Factor #2: Fukushima will not have any significant impact on global uranium demand in the long run.
Initially, the world reacted to the Fukushima crisis with dramatic calls to reconsider the use of nuclear power. Several governments put their nuclear power programs on hold, including China. For a moment, there was a real chance that Fukushima would derail the nuclear renaissance.
But is has not. Nuclear power growth in the developed world has been impacted, but the developed world isn't the make-or-break player for growth in the nuclear industry. The developing world is where the action will be, where governments are struggling to provide power to millions of impoverished people while still keeping some control of greenhouse gas emissions.
As expensive as a nuclear power plant is, they're relatively economical to keep running, and these countries have little luxury of choice. Coal may be the quick fix, but it's becoming increasingly expensive as well as laden with carbon-emissions baggage.
With that in mind, events that have garnered a lot of attention in the popular press, such as Germany's announcement to phase out its nuclear reactors by 2022, shrink into perspective. It's no real surprise, for one thing: the decision simply reverses one made last year to keep them open (yes, that would be reversing the reversal).
For another, Germany's 17 reactors accounted for 5% of uranium demand in 2010. By comparison, there are 104 reactors in the United States, 58 in France and dozens being built in China, India, and Russia. Finally, Germany relies on nuclear reactors for 23% of its power, and 2022 is awfully optimistic to ramp up alternative (i.e., other clean) energy technology to fill the gap. So let's just say we're skeptical.
On the other side of the equation are pro-nuclear movements in several places around the globe, such as in the Czech Republic. Prague is working to approve a plan to extend the life of the country's only uranium mine and wants to build three new reactors. It's labeled uranium a "super strategic" commodity and uranium mining a "strategic advantage for the Czech Republic."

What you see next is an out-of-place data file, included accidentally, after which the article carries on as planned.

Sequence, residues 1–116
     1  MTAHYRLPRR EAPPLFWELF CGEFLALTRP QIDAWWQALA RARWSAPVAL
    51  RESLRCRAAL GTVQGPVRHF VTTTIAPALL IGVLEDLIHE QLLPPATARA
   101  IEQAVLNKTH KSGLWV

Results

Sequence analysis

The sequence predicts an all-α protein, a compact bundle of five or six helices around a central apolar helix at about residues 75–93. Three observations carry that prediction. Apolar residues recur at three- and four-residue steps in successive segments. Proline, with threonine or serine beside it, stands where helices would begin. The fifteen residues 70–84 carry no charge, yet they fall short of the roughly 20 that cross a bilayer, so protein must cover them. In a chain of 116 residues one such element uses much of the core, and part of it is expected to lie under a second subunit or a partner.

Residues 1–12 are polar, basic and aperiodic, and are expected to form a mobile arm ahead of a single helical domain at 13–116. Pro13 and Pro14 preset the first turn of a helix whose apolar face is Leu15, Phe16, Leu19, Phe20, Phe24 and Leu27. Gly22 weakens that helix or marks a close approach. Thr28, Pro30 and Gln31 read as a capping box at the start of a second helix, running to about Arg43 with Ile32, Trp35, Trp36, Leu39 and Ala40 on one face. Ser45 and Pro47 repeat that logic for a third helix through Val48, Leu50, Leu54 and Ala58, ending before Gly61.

Where Nuclear Energy Is Headed
Sixty of the 65 reactors currently under construction around the world are in developing countries. China has 27 reactors under construction, 50 planned and another 110 proposed. India has five under construction, 18 planned and 40 proposed. Russia has 10 under construction, 14 planned and 30 proposed. These countries need power, and they want to diversify their power sources as they build capacity so that they don't end up reliant on a single commodity.
In addition, the nuclear industry's safety record is actually pretty good. Fukushima is only the third serious accident in more than 65 years of nuclear power. No one died at Three Mile Island, and no one has died from radiation effects at Fukushima, though five people died in the hydrogen explosions and in a crane accident. Chernobyl was certainly deadly, but it was human error, not a fault in the system, that was to blame there.
By contrast, thousands of people lose their lives every year in the fossil fuel industry, in coal mine accidents, oil rig explosions, drilling mishaps, pipeline blasts, refinery fires and tanker accidents, not to mention from the raft of illnesses caused by smog and soot.
Power generation is about balancing needs with impacts. Every major power source has drawbacks, but the developing world in particular needs more electricity. In that context, nuclear power is still a necessitynuclear plants can provide low-emission, reliable, baseload power, precisely the kind that the world needs.
Uranium was a solidly bullish market on March 10, for good reasons that haven't changed. Even though Fukushima was scary and has illuminated the need for better nuclear power regulations, ultimately it won't derail an industry that is poised for major growth.